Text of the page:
Shure’s Audio Networking Seminars continue to be incredibly well attended by sound engineers, AV technicians and more. However, Andrew Francis (pictured), senior applications engineer at Shure Systems Group UK, explains why AV and IT professionals would make great attendees at these sessions on transporting audio digitally across a network…
The audio visual industry is continuing to create systems and connect products using networks which have created a very real requirement for us to look seriously at networking technology, its language and love of protocols and acronyms, cabling types and who we share our digital environment with. It also means we may well have issues that may come about about how troubleshooting in the digital world differs from what we’re traditionally used to.
Fundamentally, because networking is transporting ones and zeros, we needed to carefully look at the industry that has been doing this for years – that is, IT.
The result is a seminar that addresses the limitations of analogue audio signals and how they are converted into digital bit streams, looks at a brief bit of networking history, discusses the OSI model and why it’s useful for us to understand how different bits of equipment communicate with each other (Layer 1, Layer 2, Layer 3), and focuses on the how and why. For example, if you’re running a Layer 3 network, what type of hardware are you likely to come across and how should it be configured?
Another example might be a mixing console which has its own stage box, connected using CAT5e cable in a point to point manner and running its own protocol can be described as a Layer 1 network. You wouldn’t need to worry about IP addressing and can simply connect the two pieces together, and off you go. Layer 1 networks cover protocols such as AES, SPIDIF, ADAT, MADI.
Layer 2 networking builds on the foundations of Layer 1 and looks at protocols like Cobranet, Ethersound and AVB – now we’re adding some source and destination information to the bit stream which gives us the ability to route traffic between specific devices.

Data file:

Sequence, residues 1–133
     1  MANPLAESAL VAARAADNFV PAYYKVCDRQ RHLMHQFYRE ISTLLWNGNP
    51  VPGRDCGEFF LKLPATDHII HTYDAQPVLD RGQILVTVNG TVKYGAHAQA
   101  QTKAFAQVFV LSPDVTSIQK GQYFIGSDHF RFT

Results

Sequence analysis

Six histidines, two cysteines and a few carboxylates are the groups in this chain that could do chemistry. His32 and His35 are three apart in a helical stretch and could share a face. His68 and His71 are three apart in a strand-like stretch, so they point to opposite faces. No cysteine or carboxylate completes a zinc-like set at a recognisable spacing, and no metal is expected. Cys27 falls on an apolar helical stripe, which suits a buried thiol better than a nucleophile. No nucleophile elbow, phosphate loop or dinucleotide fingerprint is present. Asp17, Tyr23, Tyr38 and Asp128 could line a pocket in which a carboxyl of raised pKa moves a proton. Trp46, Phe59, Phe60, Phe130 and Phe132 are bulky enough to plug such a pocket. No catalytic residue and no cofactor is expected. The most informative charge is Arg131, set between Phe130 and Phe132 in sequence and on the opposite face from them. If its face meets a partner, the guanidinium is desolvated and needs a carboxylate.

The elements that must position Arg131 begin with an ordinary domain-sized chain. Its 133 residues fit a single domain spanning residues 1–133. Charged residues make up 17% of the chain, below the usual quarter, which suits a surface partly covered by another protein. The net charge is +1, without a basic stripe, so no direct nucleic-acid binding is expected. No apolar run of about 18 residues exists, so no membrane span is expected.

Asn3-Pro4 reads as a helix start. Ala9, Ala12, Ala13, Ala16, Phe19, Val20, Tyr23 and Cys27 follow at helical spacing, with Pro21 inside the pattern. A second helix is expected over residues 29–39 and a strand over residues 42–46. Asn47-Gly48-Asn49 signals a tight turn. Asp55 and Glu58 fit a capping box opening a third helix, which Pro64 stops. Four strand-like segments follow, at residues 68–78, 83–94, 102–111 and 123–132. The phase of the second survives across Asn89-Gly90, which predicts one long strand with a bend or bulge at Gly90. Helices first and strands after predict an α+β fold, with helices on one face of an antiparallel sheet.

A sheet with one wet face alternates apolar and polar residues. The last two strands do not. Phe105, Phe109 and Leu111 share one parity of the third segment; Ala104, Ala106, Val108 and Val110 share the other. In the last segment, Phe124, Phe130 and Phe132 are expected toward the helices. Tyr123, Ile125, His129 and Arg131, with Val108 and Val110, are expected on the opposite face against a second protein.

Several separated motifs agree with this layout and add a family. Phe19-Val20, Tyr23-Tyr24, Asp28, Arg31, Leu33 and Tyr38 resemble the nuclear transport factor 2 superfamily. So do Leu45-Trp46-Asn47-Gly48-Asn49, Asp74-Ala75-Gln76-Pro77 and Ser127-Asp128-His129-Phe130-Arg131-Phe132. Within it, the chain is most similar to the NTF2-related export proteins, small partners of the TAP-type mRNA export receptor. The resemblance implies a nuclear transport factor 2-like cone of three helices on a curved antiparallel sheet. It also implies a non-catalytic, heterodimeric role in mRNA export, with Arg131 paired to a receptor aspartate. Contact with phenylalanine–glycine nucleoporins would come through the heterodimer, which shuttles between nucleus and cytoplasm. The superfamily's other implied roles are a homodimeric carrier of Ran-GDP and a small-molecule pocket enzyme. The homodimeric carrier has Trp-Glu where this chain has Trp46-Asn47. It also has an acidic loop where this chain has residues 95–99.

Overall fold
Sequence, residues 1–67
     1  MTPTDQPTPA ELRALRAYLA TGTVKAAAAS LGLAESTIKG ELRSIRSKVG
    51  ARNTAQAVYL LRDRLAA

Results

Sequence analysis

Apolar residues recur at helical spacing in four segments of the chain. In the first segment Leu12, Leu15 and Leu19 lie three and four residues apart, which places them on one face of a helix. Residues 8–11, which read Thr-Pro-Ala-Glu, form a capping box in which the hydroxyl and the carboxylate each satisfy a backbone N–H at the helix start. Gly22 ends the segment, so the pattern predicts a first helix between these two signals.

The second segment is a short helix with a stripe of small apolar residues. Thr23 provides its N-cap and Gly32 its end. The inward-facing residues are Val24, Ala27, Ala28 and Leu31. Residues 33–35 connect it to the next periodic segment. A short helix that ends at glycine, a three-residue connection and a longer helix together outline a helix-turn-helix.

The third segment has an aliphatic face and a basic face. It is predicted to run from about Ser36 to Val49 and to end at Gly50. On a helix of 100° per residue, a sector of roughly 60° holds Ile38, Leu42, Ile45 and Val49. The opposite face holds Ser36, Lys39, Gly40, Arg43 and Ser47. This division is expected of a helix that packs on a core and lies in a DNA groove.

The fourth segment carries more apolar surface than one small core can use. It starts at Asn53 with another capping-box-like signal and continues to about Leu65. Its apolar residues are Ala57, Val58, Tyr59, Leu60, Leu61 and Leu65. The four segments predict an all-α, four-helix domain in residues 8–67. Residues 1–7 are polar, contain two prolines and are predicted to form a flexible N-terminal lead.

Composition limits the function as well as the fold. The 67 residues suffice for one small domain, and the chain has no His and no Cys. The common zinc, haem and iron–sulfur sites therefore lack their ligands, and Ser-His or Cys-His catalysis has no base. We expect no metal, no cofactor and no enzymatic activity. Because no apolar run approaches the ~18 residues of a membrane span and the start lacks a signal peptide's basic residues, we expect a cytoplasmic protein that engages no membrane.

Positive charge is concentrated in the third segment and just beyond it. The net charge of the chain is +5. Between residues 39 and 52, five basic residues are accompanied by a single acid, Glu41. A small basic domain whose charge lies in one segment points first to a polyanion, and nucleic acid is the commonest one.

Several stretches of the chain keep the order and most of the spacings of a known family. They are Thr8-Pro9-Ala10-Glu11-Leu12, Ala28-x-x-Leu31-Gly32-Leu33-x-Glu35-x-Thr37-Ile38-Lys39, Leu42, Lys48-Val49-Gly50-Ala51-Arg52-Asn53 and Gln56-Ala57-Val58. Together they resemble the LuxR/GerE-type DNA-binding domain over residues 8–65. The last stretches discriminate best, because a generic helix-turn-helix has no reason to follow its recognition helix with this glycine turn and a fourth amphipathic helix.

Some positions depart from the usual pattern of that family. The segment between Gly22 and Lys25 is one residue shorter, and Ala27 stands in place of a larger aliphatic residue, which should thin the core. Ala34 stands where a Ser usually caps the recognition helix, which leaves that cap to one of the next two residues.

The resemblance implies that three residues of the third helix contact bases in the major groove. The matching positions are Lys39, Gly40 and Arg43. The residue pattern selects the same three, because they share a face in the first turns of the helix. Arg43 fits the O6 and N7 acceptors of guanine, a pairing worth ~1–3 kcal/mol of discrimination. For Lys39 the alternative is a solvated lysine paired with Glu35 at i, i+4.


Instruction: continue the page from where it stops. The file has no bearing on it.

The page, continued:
Layer 3 builds on this again and allows us to start routing traffic between subnets and across networks or vLANS. Protocols that use Layer 3 are Dante, QLAN and Ravenna.
Another important aspect to understand is how the network is physically and logically connected together – its topology. Throughout the day, we examine the various physical topologies: bus, ring, star and hybrid, explaining how you can physically connect your kit together, along with the pros and cons of each. For example, if your audio equipment has a switch-mode Dante chip you can daisy chain them all together, but bear in mind that if you lose one link in that chain, everything lower down will lose its connectivity.
Speaking the same language?
Meanwhile, there is also a belief within the audio industry that AES67 is the saviour of digital audio networking, but we believe that might not be the case. As AES67 has been designed as an inter-operability standard, rather than a fully-fledged one there are some aspects missing from it. Plus many people are wary of multi-cast traffic, but AES67 by design is only multi-cast traffic. So, potentially, there’s a lot more network management to do if you’re putting hundreds of channels of AES67 on the network.
The point of the day is to arm AV professionals with the knowledge that will enable them to engage with IT contractors and departments in the language those professionals speak. It will also help live sound professionals to understand digital networks and troubleshoot problems that arise onsite. This aids the process of getting networked audio kit up and running. If clients don’t have an IT department, it’s about helping contractors understand how to put the audio kit together, and how they can better manage the integration.
We recognise that technology is constantly evolving, and so to that end we continually make amendments to the seminar sessions
On the flip side, these seminars allow IT departments to understand what audio equipment does, why it’s sitting on the network and, importantly, recognising that it’s not pushing around too much data – but that this data needs to be managed properly and given high priority on the network.
Our seminars aim to show IT professionals that once the audio kit is set up on the network and starts pushing data around, it’s usually quite stable and doesn’t really need any intervention. As such, there are no software patches in the way as there are with traditional software platforms.
We recognise that technology is constantly evolving, and so to that end we continually make amendments to the seminar sessions.
We have had great feedback from people who have attended our audio networking seminars – finding that our sessions go hand-in-hand with other training available elsewhere, especially as we show real-life demos with working equipment – setting it up, showing what is going on, implementing VLAN changes and demonstrating what’s going to happen.
It’s very hands-on and can be applied to the real world immediately.
For more information or to book a place at a seminar, click here.
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